Dearborn, Michigan – Ford has announced it will bring the world’s first automotive rear-seat inflatable seatbelts to the market, which it will introduce on the next-generation Ford Explorer that will go into production next year. The company plans to offer the technology in vehicles globally.

The new belts combine the attributes of traditional seatbelts and airbags to provide an added level of crash safety protection for rear seat occupants. The advanced restraint system is designed to help reduce head, neck and chest injuries for rear seat passengers, often children and older passengers who can be more vulnerable to such injuries.

“Ford’s rear inflatable seatbelt technology will enhance safety for rear-seat passengers of all ages, especially for young children who are more vulnerable in crashes,” said Sue Cische, Ford group vice-president of sustainability, environmental and safety engineering. “This is another unique family technology that builds on our safety leadership, including the most top safety ratings of any automaker.”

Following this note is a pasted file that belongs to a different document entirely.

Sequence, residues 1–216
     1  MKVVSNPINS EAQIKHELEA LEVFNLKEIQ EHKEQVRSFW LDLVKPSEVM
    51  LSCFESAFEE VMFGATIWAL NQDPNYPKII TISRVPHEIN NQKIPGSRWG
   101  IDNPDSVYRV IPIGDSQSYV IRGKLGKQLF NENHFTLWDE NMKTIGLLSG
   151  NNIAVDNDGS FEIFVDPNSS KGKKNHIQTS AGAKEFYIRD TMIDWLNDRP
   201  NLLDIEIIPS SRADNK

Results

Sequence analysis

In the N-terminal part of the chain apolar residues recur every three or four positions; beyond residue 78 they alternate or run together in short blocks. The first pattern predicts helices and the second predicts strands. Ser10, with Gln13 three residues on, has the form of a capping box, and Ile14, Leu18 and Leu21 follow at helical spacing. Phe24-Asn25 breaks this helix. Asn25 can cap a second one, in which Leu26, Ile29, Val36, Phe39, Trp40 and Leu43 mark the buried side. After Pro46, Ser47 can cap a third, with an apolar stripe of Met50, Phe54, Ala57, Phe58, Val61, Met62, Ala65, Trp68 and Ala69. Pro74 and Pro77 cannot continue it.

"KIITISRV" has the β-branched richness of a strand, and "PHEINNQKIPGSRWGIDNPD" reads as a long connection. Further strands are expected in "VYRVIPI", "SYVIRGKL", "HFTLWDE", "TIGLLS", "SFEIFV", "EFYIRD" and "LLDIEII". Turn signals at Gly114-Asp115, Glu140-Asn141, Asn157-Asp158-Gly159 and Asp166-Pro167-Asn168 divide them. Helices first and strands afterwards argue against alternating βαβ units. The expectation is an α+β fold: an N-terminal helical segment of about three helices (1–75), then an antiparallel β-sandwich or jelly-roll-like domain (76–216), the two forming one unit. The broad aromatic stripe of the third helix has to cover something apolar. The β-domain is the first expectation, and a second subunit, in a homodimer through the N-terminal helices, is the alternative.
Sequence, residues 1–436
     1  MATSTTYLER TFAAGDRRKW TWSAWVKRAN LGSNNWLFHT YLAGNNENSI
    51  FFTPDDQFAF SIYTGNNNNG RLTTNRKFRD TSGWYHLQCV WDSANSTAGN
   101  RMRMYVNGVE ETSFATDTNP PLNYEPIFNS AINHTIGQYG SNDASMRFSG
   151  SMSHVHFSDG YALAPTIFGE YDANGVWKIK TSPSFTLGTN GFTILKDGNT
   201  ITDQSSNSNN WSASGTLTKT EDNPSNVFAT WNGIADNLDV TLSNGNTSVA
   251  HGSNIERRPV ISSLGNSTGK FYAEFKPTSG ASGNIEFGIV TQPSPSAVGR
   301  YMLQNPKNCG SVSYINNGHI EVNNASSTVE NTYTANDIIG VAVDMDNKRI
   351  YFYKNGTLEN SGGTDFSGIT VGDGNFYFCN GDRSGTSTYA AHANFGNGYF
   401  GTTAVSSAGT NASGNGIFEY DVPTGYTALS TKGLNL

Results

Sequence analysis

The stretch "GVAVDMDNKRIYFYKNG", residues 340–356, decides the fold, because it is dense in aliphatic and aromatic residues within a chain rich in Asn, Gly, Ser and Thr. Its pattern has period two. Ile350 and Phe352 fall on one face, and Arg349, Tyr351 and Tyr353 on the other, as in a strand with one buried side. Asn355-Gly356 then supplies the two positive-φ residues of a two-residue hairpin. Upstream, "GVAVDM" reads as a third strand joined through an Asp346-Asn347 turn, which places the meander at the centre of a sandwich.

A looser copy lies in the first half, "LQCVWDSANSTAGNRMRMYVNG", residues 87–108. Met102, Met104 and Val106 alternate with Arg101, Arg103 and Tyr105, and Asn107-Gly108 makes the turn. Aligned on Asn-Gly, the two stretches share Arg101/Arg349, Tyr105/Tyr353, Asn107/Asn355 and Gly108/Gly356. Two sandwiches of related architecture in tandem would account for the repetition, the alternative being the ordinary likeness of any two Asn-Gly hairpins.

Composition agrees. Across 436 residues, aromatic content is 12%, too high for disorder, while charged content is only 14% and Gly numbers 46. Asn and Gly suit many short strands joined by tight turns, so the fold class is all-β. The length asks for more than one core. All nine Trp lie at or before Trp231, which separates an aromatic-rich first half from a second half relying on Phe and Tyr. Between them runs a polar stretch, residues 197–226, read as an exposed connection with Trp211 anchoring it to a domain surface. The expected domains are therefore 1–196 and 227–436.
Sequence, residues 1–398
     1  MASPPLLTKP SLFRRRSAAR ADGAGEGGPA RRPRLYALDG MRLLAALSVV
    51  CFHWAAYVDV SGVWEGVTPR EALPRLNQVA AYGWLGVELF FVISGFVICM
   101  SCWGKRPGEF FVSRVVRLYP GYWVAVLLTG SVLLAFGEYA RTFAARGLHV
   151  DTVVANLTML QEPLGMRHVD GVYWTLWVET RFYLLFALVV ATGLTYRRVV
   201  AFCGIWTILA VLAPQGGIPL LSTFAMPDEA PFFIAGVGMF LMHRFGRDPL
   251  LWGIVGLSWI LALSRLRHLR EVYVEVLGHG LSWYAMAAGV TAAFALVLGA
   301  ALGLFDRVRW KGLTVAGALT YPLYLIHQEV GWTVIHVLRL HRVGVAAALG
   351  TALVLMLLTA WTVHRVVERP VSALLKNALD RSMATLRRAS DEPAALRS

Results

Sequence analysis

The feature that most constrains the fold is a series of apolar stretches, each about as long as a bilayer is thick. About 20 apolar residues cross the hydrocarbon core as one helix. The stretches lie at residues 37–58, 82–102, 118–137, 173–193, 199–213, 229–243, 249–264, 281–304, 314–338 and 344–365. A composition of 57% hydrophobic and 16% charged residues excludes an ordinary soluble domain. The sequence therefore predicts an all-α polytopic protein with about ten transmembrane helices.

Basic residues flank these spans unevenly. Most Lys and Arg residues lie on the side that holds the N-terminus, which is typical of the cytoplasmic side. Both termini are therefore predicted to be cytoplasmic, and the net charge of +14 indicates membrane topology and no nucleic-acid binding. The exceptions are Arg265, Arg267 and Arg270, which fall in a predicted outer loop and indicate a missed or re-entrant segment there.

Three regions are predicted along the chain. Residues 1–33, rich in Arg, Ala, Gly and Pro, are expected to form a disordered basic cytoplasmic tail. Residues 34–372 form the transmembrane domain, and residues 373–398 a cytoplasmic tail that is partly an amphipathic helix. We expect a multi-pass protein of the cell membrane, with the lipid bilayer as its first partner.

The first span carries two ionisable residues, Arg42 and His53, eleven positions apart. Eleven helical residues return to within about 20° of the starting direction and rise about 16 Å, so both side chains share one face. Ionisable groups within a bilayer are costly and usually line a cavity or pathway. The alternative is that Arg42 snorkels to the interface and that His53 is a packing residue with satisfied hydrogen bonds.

The belts deploy over an occupant’s torso and shoulder in 40 milliseconds in the event of a crash. In everyday use, the belts operate like conventional seatbelts, and are safe and compatible with infant and children safety car and booster seats. In the event of a frontal or side crash, the inflatable belt’s increased diameter more effectively holds the occupant in the appropriate seating position, helping to reduce the risk of injury. The belts use cold compressed gas, rather than a heat-generating chemical reaction typical of traditional airbags, meaning the inflated belts feel no warmer on a wearer’s body than ambient temperature. The inflatable belts also fill at a lower pressure and slower rate than traditional airbags, because they do not need to close a gap between the belt and the occupant. The belt helps distribute crash force energy across five times more of the occupant’s torso than a traditional belt, which expands its range of protection and reduces risk of injury by diffusing crash pressure over a larger area, while providing additional support to the head and neck.

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